“Learned helplessness is the giving-up reaction, the quitting response that follows from the belief that whatever you do doesn’t matter.”
– Arnold Schwarzenegger
Whatever your thoughts on the ‘Austrian Oak’, this is a pretty good description of a central experience of clinical depression.
Consider these examples:
- a man is rich but will not spend any money; memories of his desperately poor childhood haunt him.
- a woman has a relationship with a kind and caring man but feels angry and distrustful of him; she’s haunted by memories of her abusive ex.
- a child is never allowed to have friends or make her own decisions; as an adult she shuns relationships and feels unable to steer her own course.
Feeling helpless when you’re not, because you were helpless in the past, is known as ‘learned helplessness’ (a term first coined by psychologist Martin Seligman). It leads to passivity and loss of energy and needs to be addressed when helping lift depression.
Here’s three ways you can start to steer a ‘victim’ of learned helplessness towards confidence, self assertion and vital optimism:
1. Use metaphor
People’s minds work in metaphorical way and are often more responsive to a parallel pattern than a direct appeal. “You are suffering from learned helplessness!” is too stark a message, and risks making a person feel (paradoxically) more passive – because they haven’t had the chance to make the connection themselves.
So I might ask a client to imagine a beautiful bird that, through no fault of its own, has been shut away in a cage for many years. One day the cage door is left wide open. Now the bird can fly free! But even though it still has its wings, even though the circumstances have plainly now changed, the bird makes no move to leave. Why? It believes it is still trapped…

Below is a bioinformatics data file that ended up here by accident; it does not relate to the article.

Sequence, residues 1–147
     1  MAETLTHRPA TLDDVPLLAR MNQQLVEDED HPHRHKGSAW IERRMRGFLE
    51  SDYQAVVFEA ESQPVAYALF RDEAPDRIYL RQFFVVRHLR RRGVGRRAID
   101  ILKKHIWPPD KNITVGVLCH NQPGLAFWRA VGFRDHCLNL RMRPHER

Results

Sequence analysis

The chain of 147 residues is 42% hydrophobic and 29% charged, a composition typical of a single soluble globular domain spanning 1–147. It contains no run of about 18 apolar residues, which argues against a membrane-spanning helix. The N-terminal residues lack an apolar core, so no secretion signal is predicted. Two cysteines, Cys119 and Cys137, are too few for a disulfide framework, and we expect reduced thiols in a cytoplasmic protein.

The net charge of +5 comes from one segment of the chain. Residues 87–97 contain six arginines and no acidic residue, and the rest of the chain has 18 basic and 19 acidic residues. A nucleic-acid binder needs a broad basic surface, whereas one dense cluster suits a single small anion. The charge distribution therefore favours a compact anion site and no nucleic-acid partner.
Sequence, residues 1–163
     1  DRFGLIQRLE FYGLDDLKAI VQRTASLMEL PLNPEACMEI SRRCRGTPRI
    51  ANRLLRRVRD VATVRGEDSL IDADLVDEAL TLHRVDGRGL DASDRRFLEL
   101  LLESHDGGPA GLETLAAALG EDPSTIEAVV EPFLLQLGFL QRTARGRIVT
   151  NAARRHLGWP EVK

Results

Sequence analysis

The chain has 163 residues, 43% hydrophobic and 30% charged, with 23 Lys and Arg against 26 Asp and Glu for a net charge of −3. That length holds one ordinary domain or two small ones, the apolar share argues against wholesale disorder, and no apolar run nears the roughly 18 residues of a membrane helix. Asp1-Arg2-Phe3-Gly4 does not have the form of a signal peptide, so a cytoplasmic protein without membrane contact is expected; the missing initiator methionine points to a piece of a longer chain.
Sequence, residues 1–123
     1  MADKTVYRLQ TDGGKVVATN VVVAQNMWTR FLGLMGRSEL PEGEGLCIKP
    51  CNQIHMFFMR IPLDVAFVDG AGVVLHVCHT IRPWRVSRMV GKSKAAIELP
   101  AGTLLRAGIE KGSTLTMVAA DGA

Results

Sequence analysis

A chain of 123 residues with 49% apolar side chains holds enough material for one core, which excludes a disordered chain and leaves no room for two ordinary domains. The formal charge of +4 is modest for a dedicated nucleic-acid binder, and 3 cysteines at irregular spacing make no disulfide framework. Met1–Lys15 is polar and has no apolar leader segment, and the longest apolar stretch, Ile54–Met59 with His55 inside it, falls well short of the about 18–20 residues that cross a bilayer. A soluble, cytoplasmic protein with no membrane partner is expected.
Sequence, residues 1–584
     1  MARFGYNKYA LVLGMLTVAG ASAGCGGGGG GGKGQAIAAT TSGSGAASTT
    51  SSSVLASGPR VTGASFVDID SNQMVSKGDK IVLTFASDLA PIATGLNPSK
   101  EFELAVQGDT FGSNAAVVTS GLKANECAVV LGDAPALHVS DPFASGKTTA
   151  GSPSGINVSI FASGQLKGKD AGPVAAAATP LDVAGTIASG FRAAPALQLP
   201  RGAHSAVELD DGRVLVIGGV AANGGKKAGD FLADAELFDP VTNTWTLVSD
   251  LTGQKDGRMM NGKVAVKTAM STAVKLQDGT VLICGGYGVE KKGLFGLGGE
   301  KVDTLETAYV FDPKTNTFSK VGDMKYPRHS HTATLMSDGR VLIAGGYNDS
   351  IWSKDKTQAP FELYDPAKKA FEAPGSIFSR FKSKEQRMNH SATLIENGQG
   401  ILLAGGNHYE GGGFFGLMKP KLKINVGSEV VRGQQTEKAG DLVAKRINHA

Depressed clients affected by learned helplessness tend to respond well to ideas couched in such metaphorical terms.
2. Vive la différence! (Difference rules, OK!)
Learned helplessness means assuming that a new situation has the same limitations as an old one that resembles it, when in reality there are lots of positive alternatives. These new possibilities may exist because the situation is different, or because the person has changed, or both.
Consider the case of a man who’d been beaten and ridiculed by his parents as a child whenever he’d expressed an opinion, and who now fears to speak up at work. We might suggest drawing up a list of the differences between the two times:
What happened then:
- laughed at
- not listened to
- didn’t know how to express myself
What happens now:
- colleagues are decent and fair
- I’ve learned to speak clearly and know what I want to say
- not beaten.
This would be a great exercise to do before proceeding with hypnotic work as a way of seeding in your client’s mind the notion that there really are differences between then and now.
3. Encourage active problem solving
Psychotherapy needs to be an active endeavour to help people escape their real or perceived psychological and/or environmental difficulties. One of my depressed clients was a woman who was passively worrying that something she’d said had upset her friend. I encouraged her to actually call her friend during the therapy session, so that at least she’d know the situation (her friend was fine). Depressed people with learned helplessness tend not to act and instead just build worry upon worry.Depressed people with learned helplessness tend not to act and instead just build worry upon worry #tipsfortherapistsClick To Tweet
If your depressed client has become very passive, it’s not a good idea to deluge them with too much positivity at once. But when they’ve relaxed with you and gradually started to feel a little more optimistic, you can gently start to steer them to pro-activity with questions like:
- “What steps can you take to avoid this?”
- “If you were ever to start feeling depressed again, what have you now learnt that would help you stay out of depression in the future?” (implying they have control and can determine their own lives more)
- “What ways can the two of you start to improve your relationship again?”
Learned helplessness drains motivation and energy. When we learn our own potential to positively influence our own lives we can’t help but become more fulfilled.
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